How to debug JavaScript in the browser dev tools

Let's say I want to debug some JavaScript in the browser by setting a breakpoint and stepping through the code.  I'm using Chrome, in my case.  Where can I find that JavaScript to set the breakpoints if it is included from:

  • Module
  • Screen Action
  • Web block
  • Expression

Or anywhere else that you think is relevant?  I've looked through the various JS files in the Sources tab of the Chrome dev tools, and I've looked at the code in the script tags on the Elements tab of the dev tools.

How do I step through JavaScript code in the browser with an OutSystems application?

Hi Scott,


You should see on the training the front end course, it should help you with that.

Hugo Duarte wrote:

Hi Scott,


You should see on the training the front end course, it should help you with that.


I've been through it and through the JS masterclass.  I don't remember seeing it.  Rather than go through hours of training trying to find the right 30 seconds or minute, would you mind letting me know how it's done?

Hi 

I'm looking for the exact same information. Do you have any updates on this?

Hi,


I usually put the javascript on jsfiddle, then test it, debug it, fix it from there.

After it run smoothly, then I put it on the Outsystems.


Thanks


Hi Scott,

As you are probably aware, OutSystems generates a normal web application, so javascript debugging is no different than a normal web application.

For finding out where the javascript or css for a block is, open Chrome Dev tools and view the "Sources" tab, and the "Page" tab beneath.

The files for OutSystems components are nicely arranged in folders (see the below image of the sample for the FilePondUpload plugin).  You should be able to identify the correct script by following the folder names.

Here is a great start to using Chrome Dev tools, though I hope it is not too basic for you. 

https://www.youtube.com/watch?v=H0XScE08hy8

I hope this helps!

Kind regards,

Stuart

Thanks for your feedback.


@Stuart

I'm using Java Script inside of an expression (custom highchart). 

In this case there is no folder structure I could follow :/ 

@Toto 

That's what I'm doing currently, I was hoping for a more comfortable way... 

Markus Feuerstein wrote:

Thanks for your feedback.


@Stuart

I'm using Java Script inside of an expression (custom highchart). 

In this case there is no folder structure I could follow :/ 

@Toto 

That's what I'm doing currently, I was hoping for a more comfortable way... 


Hi Markus,


Ok great.  For javascript for configuring something like Highcharts..

Expression javascript appears in the page, you can still debug it. You have to use the "Elements" rather than the "Sources" tab.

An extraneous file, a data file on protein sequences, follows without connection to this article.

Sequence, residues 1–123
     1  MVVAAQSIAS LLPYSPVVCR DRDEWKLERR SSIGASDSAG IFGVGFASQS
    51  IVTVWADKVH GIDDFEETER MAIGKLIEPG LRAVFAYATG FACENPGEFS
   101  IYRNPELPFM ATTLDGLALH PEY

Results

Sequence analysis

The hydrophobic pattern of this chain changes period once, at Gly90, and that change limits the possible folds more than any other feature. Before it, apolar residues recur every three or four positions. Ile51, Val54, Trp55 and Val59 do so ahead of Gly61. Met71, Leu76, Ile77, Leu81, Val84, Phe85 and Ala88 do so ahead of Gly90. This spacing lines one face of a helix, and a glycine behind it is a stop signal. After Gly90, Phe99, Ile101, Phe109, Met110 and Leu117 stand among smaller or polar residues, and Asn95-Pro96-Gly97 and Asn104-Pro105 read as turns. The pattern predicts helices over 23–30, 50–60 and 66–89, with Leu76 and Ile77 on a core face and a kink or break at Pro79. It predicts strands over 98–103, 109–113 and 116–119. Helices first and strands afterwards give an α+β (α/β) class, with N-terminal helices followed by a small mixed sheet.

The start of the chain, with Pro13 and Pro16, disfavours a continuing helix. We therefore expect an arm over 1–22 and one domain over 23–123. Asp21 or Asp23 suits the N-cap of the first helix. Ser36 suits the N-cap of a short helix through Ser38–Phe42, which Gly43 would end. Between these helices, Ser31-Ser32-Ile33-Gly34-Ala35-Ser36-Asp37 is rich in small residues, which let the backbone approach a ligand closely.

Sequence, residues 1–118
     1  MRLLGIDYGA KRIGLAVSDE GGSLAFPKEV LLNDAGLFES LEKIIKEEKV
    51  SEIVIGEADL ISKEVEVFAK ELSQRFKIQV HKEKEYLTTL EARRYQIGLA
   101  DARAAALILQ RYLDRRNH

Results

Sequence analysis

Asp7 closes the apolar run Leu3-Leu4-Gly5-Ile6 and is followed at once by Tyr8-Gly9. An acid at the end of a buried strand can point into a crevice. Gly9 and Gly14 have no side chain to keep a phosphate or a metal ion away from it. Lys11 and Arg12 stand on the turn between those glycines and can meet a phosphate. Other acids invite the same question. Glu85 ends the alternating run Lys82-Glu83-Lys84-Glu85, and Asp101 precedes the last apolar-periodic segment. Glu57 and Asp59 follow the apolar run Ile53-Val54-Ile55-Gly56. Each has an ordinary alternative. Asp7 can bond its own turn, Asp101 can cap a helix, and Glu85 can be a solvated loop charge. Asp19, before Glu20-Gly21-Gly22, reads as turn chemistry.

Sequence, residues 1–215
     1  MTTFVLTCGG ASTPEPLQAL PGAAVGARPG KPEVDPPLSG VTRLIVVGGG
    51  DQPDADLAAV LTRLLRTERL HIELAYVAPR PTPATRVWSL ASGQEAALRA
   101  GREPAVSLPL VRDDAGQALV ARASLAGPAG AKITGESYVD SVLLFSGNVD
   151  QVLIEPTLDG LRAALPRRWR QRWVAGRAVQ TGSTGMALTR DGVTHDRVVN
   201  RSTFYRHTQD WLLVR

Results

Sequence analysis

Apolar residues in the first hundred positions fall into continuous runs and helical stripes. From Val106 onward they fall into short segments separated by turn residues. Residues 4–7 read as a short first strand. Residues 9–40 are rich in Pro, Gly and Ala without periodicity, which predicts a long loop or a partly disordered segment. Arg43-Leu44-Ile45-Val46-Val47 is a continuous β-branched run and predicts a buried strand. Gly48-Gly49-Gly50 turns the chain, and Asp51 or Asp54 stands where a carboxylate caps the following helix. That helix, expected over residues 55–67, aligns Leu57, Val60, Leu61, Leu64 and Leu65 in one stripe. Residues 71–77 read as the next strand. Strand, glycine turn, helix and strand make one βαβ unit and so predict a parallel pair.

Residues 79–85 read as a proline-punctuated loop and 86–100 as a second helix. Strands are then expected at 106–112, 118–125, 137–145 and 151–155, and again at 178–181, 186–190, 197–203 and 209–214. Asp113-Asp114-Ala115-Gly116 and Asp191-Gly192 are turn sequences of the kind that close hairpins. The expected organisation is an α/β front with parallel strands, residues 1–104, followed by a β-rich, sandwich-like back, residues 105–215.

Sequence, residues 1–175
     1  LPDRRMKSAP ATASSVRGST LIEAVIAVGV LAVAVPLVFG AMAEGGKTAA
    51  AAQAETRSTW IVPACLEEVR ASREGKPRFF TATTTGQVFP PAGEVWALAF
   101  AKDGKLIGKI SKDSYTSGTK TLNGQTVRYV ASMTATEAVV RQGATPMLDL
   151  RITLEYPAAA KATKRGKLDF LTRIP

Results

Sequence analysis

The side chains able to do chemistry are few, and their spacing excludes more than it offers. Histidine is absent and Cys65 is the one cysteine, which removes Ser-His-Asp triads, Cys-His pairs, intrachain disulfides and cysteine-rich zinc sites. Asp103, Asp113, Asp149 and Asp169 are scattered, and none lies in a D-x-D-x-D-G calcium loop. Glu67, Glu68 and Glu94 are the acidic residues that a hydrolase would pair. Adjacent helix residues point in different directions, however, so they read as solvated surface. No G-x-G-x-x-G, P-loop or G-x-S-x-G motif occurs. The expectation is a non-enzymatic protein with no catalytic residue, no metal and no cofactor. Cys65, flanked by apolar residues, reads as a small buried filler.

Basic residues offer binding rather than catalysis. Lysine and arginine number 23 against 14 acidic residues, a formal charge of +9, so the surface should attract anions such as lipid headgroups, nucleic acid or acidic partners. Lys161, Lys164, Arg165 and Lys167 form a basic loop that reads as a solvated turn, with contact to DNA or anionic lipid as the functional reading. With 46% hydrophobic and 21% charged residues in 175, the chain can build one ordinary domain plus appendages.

On the Elements tab, it can be difficult to locate the script though.  However, CTRL+F will open a search panel. I usually search for a variable of function name in the script.


What I normally do when the expression gets complex enough to need debugging is put most of the javascript in the module's javascript.

Sometimes, especially when I want to use it in multiple places, I place the javascript in a separate web block's javascript section.  The javascript only webblock needs to be dropped on the page where it is used.  It will render nothing, but will include the javascript on the page.

Be careful to consider if the script has been loaded yet in your expression.  You may need to use jQuery's document ready.. $(document).ready(function() { ... });

So the expresstion becomes something like
"<script>
MyJavascriptModule.configure('#" + NamedContainer.Id + "', " + JSONSerializedData.JSON + ");
</script>"


And the main javascript like this

MyJavascriptModule = (function() {
  function configure(id, configObject) {
    // Configure stuff...
    $(id)... // do stuff to the named container
    configObject.data.map(...); // use the configObject..

    helperFunction();
  }

  // other private helper functions...
  function helperFunction() {
    ...
  }

  // expose an object with functions
  return {
    configure: configure
  };
})();

Then you are able to more easily locate and debug the javascript.

For bonus points look into "source overrides" where you can make temporary changes to the javascript in Chrome that remain even when you refresh the page.  Be careful to remove the source override when done though.

I hope this helps!

Kind regards,

Stuart